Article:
Beaches Of Uruguay

Beaches Of Uruguay

“Hello sun, once again you come and visit us unannounced. Once again in your long walk since the beginning of life…….” Carlos Paez Vilaro, Uruguayan artist

Two months out  of the year (mid December to February) the  beaches of Punta Del  Este, Jose Ignacio and Barra are where the South American rich and famous go to party. This is where the beautiful young people come to show off their beach bodies, get a tan, eat and drink well, and then hit an all-night club or casino.

The rest of the year the beaches are quiet and most of the boutiques and restaurants are closed. If the weather is good, like it was for us, this was not a problem.

I grew up on the beach in Brooklyn. I spent my summers from eighteen to twenty five years old on the islands of Greece. I  live in Venice, California.  I was ready for the wide empty beaches and quiet roads of Uruguay in October.

Driving from Montevideo, we stop in Piriapolis which is Uruguay’s oldest resort town.

Located on the sparkling banks of the Rio de la Plata, it has smooth waters making it the perfect setting for those who desire long swims in the sea

With many seafront restaurants and shops, it’s also an ideal spot for a family vacation. A hike up the hill offers beautiful views of the coastline and town and Punta Del Este can be seen in the distance on a clear day.

I loved this town.

Our next  stop is Casapueblo. it is a hotel, museum, and art gallery.

It was built by Uruguayan artist, sculptor, architect, writer, and composer Carlos Paez Vilaro.

One of Mr. Páez Vilaró’s most difficult times came in the winter of 1972, when a plane carrying his son Carlitos and other members of his Uruguayan rugby team crashed high in the Chilean Andes. Authorities eventually abandoned the search, but Mr. Páez Vilaró never gave his son up for dead. Finally, after 72 days, the painter’s son was found among the 16 survivors whose ordeal was retold in the book and movie ‘‘Alive.’’

He built the house  by hand out of wood, white cement and stucco.  The building is an enormous, bright, white labyrinth formed along the side of a cliff.

It has no straight lines, as the artist wanted it to have a natural, human feel, and to resemble the mud nests of Uruguay’s hornero birds.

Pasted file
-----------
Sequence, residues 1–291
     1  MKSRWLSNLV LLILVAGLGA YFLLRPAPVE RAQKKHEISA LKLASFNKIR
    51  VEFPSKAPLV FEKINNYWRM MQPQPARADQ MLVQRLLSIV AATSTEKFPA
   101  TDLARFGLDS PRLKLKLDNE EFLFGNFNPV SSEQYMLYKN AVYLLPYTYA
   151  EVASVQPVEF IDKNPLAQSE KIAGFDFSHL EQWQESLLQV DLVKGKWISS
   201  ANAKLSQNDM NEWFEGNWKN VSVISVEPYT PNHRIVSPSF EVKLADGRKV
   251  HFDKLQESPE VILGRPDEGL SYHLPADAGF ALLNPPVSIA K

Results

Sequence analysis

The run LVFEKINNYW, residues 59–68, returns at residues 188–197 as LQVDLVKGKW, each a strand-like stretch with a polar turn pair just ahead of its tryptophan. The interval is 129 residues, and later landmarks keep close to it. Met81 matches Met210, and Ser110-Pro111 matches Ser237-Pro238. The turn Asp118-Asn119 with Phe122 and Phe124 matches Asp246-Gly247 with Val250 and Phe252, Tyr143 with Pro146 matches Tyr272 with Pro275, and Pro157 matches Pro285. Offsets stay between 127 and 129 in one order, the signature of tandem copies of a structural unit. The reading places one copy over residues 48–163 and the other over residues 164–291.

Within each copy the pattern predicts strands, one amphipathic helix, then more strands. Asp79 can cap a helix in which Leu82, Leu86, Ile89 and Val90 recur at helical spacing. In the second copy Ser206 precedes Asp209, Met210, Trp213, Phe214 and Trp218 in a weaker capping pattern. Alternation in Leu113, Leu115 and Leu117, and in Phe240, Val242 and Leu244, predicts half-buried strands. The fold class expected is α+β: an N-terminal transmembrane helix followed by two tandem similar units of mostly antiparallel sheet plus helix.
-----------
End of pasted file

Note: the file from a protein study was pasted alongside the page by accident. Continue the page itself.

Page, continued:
Inside Casapueblo, Paez Vilaro’s art work and sculpture are displayed. 

Punta del Este is Uruguay’s biggest tourist destination. It’s over-developed in parts with hundreds of tower block apartments and holiday homes, and it certainly caters towards the wealthy local summer holiday crowd. It is also incredibly popular with Argentinians and Brazilians. I see Trump is building a hotel here.

Outside of this area, though, the coastal communities remain just that, communities.

Famous beaches  include La Playa De Los Dedos (The Finger Beach), famous for a giant hand emerging from the sand that’s not nearly as creepy as it sounds. The hand was supposedly put there for swimmers to pay attention to the undertow but it’s more of a photo op now. 

We have  lunch  at Imarangatu Beach Club.

The fish was super fresh and perfectly cooked. For those of you who have traveled with me, you know when I’m hungry I forget to take photos. The ambience is great and it’s located on a beautiful beach.

The BF went in the kitchen to learn how they cooked the fish. Even with a language barrier, they couldn’t have been more helpful!!!

La Barra (Bikini Beach) is known for attracting models, and is lined with seaside mansions  and many all night clubs .

Jose Ignacio  with its relaxed  beautiful beaches has become even more trendy in high season.

Between La Barra and Jose Ignacio is Mantiales another relaxed beach town.

We stayed at the wonderful Faisano Hotel in Punta De Este. It’s not on the coast but it is an incredibly beautiful setting with lovely rooms and a great spa.

 it so relaxing, The staff is  impressively helpful and you feel well taken care of. It is great to come back there after exploring the beaches.

Fly safe,

JAZ

 

Leave a Reply

Fill in your details below or click an icon to log in:

WordPress.com Logo

You are commenting using your WordPress.com account. Log Out /  Change )

Google photo

You are commenting using your Google account. Log Out /  Change )

Twitter picture

You are commenting using your Twitter account. Log Out /  Change )

Facebook photo

You are commenting using your Facebook account. Log Out /  Change )

Connecting to %s